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conviction where the defendant, a Philadelphia police officer, falsely swore out an affidavit for a warrant to arrest, and thereby exposed the identity of, Andrew Maresse, an undercover agent who was investigating payoffs to defendant for noninterference with local gambling operations. We held that the arrest was a § 5101 obstruction, being "a means to an end, that being the hindrance of the investigation into the gambling operation." Id., 245 Pa. Super. at 361, 369 A.2d at 443. In Commonwealth v. Creamer, 236 Pa. Super. 168, 345 A.2d 212 (1975), the defendant was charged with obstruction of justice and conspiracy in withholding from police certain knowledge about a homicide in Crawford County. However, neither the alleged conspiracy nor any overt act took place in Crawford County. We held that even though the effect of justice being obstructed was felt in Crawford County, still venue could only lie in those counties where the alleged criminal conduct occurred. This also suggests that § 5101 is more concerned with the means or acts employed to bring about an obstruction of justice than the actual obstruction itself.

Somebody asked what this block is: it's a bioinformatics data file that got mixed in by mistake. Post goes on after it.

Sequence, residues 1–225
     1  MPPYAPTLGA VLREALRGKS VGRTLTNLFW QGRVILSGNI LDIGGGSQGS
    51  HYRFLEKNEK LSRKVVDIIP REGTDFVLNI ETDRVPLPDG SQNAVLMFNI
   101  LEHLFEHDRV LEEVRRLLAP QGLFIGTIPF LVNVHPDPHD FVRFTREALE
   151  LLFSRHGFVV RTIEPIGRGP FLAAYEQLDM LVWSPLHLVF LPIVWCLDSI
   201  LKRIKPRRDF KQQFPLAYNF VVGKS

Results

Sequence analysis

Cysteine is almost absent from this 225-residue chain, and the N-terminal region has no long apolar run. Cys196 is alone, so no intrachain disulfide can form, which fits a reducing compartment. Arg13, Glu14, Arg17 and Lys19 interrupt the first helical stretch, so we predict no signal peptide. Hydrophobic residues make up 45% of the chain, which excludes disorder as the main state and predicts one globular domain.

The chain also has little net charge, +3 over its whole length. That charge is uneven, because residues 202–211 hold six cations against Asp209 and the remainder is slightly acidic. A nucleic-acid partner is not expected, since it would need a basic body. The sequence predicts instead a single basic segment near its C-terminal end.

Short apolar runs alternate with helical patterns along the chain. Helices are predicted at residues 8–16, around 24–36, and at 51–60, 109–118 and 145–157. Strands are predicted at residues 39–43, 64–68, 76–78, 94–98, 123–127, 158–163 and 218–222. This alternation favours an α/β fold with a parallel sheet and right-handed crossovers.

Even in the older, pre-§ 5101 cases, we notice a greater concern for the acts by which an obstruction is attempted, rather than the ultimate obstruction itself. In Commonwealth v. Frankfeld, 114 Pa. Super. 262, 173 A. 834 (1934), the defendant was convicted for obstructing an execution sale,*fn3 although bids were taken and a sale did take place, because the riotous behavior of the crowds led by the defendant threatened to prevent a sale. The Court held: "The facts above narrated amply justified the jury in concluding that the sheriff was placed in fear of bodily harm, and that what was said and one by the ...